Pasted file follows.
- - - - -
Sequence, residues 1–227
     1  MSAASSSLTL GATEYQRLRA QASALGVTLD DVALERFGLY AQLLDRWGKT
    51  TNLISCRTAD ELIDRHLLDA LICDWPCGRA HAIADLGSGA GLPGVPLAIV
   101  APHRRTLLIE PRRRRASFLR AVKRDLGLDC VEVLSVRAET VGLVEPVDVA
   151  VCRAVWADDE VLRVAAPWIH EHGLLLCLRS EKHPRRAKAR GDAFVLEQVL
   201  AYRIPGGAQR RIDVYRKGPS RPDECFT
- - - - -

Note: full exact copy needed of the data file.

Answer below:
Sequence, residues 1–227
     1  MSAASSSLTL GATEYQRLRA QASALGVTLD DVALERFGLY AQLLDRWGKT
    51  TNLISCRTAD ELIDRHLLDA LICDWPCGRA HAIADLGSGA GLPGVPLAIV
   101  APHRRTLLIE PRRRRASFLR AVKRDLGLDC VEVLSVRAET VGLVEPVDVA
   151  VCRAVWADDE VLRVAAPWIH EHGLLLCLRS EKHPRRAKAR GDAFVLEQVL
   201  AYRIPGGAQR RIDVYRKGPS RPDECFT